Every night my teacher used to look at the forehead of the students standing before him, on the side upon which his soul dwelled and illuminated…

The soul manifests at different times in different parts of the body.

…and determine which verse shone more in that person. He would then explain a portion of the explanation of that verse, according to that which was relevant to his soul.

Even one who is not himself pure enough to merit to such revelation alone can still benefit from this level through being connected to a true tzadik.

Before the person would go to sleep, he would concentrate on that which was partially explained to him. He would also recite the verse in order that when his soul ascended for the night they (in heaven) would teach him the completion of the explanation. This would purify the soul and allow it to keep ascending to even higher levels, where more would be revealed to him, though his body may not have sensed anything upon awakening.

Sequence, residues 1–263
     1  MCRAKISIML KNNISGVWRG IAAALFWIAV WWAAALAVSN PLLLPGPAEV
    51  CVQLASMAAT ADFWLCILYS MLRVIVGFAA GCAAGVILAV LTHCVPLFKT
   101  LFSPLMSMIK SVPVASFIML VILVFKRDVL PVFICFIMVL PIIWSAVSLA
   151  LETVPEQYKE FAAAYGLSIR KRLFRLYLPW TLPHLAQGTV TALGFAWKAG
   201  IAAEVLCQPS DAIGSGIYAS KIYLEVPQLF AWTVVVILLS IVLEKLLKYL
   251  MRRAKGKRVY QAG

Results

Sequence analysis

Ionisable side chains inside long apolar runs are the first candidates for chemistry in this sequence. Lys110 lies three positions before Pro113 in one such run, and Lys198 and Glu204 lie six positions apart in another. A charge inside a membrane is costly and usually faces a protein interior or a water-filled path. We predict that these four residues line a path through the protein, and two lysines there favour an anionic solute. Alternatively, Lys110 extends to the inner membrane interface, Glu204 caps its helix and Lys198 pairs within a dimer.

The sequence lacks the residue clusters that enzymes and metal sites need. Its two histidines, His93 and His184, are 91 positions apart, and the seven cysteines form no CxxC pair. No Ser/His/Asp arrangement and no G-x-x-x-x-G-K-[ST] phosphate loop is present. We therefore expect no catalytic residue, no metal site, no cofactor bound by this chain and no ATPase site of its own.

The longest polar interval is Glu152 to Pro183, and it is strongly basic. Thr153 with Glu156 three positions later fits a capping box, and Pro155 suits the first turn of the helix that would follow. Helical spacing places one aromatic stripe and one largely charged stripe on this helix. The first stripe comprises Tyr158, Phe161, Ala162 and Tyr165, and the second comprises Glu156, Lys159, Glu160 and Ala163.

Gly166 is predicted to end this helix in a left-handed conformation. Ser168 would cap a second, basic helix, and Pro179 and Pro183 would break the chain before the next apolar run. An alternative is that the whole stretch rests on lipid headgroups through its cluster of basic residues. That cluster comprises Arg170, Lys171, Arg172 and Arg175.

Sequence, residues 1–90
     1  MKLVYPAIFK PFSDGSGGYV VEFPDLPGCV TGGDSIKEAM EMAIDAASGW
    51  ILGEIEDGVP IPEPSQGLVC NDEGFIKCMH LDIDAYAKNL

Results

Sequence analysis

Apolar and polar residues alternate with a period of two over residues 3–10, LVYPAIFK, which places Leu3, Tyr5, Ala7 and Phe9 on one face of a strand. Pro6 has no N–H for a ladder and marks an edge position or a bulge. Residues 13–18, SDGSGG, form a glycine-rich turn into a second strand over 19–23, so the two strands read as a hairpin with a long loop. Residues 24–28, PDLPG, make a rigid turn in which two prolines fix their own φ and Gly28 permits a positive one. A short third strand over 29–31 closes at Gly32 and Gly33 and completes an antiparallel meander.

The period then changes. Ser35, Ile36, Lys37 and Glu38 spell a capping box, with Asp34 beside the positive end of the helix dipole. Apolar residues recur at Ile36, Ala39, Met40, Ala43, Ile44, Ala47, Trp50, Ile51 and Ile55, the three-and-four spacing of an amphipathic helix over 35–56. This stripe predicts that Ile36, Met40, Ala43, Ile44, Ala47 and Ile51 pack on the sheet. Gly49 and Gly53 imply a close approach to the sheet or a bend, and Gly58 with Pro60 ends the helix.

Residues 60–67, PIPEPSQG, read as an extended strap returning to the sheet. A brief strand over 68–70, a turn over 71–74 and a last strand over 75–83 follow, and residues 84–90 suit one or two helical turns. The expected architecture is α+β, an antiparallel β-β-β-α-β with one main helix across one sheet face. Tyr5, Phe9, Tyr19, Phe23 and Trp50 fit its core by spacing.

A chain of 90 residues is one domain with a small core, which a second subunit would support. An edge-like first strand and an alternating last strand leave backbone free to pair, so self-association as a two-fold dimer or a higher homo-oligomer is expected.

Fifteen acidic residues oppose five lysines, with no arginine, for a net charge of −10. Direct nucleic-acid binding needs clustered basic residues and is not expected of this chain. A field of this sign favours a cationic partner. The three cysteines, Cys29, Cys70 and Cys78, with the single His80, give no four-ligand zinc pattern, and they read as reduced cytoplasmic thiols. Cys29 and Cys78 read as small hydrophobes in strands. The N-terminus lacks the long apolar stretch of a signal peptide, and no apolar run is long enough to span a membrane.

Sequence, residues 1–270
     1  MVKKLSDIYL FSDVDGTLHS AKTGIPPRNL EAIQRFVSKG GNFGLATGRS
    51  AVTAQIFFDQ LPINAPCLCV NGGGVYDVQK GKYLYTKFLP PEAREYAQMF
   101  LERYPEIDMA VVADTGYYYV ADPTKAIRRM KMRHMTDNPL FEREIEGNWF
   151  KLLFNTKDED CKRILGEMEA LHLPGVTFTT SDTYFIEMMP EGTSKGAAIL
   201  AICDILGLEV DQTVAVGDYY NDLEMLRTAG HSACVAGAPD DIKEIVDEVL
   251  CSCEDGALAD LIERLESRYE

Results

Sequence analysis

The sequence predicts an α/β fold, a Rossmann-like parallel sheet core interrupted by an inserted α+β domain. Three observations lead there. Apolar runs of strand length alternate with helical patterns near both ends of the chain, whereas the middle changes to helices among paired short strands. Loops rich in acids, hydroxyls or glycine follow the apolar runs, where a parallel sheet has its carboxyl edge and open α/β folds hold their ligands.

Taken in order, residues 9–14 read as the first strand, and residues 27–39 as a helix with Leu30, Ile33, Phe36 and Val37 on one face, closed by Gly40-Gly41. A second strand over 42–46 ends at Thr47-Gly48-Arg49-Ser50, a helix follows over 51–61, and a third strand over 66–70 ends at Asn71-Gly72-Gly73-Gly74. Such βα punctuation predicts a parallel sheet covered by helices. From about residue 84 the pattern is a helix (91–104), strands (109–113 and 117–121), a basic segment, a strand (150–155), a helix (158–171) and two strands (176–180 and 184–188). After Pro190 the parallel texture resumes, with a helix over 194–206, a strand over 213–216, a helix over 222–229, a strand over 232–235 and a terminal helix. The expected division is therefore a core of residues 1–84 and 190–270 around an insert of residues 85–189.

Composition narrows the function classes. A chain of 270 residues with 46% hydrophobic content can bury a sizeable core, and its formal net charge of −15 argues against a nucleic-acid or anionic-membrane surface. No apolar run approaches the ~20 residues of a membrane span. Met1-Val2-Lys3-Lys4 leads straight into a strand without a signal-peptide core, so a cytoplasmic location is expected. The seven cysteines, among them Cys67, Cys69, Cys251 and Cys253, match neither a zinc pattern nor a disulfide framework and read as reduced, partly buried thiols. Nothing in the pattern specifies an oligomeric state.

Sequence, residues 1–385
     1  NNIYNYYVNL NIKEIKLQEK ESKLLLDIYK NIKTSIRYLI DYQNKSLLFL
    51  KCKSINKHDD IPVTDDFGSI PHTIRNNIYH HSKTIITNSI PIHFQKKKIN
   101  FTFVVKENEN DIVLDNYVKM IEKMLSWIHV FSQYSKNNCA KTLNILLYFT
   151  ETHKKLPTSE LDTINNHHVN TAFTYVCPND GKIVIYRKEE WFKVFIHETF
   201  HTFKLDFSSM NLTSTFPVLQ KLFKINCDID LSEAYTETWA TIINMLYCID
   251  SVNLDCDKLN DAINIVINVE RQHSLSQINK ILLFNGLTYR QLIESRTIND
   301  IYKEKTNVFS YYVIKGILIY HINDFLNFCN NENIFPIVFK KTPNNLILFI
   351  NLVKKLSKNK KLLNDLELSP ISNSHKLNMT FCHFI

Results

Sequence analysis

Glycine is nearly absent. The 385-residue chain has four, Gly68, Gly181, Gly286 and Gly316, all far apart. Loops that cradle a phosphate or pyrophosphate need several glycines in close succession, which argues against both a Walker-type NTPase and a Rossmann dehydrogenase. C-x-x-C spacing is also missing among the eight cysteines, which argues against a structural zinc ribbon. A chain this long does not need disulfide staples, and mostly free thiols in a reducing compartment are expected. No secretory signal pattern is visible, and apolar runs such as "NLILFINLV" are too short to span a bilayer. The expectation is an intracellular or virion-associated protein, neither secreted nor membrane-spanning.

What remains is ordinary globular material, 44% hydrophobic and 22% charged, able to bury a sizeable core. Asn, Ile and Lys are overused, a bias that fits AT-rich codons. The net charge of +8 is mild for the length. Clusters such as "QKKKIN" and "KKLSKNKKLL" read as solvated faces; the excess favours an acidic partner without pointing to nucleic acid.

The Vilna Gaon teaches that there are certain boundless levels of Torah that the soul cannot perceive while clothed in the limiting body. In order to enable the soul to access these levels, G‑d created sleep. The soul leaves the body and is thereby allowed to perceive in its intrinsic, full capacity. Even though this level does not necessarily reach the conscious awareness, the light of it enlivens and invigorates the person to a higher degree of spirituality. Also, if one merits, sparks of what he learned trickle into his daily state of mind.

[Translation and commentary by Perets Auerbach.]

Rabbi Yitzchak Luria […Ashkenazi ben Shlomo] (5294-5332 = 1534-1572 c.e.); Yahrtzeit (anniversary of death): 5th of Av. Buried in the Old Cemetery of Tzfat. Commonly known as the Ari, an acronym standing for Elohi Rabbi Yitzchak, the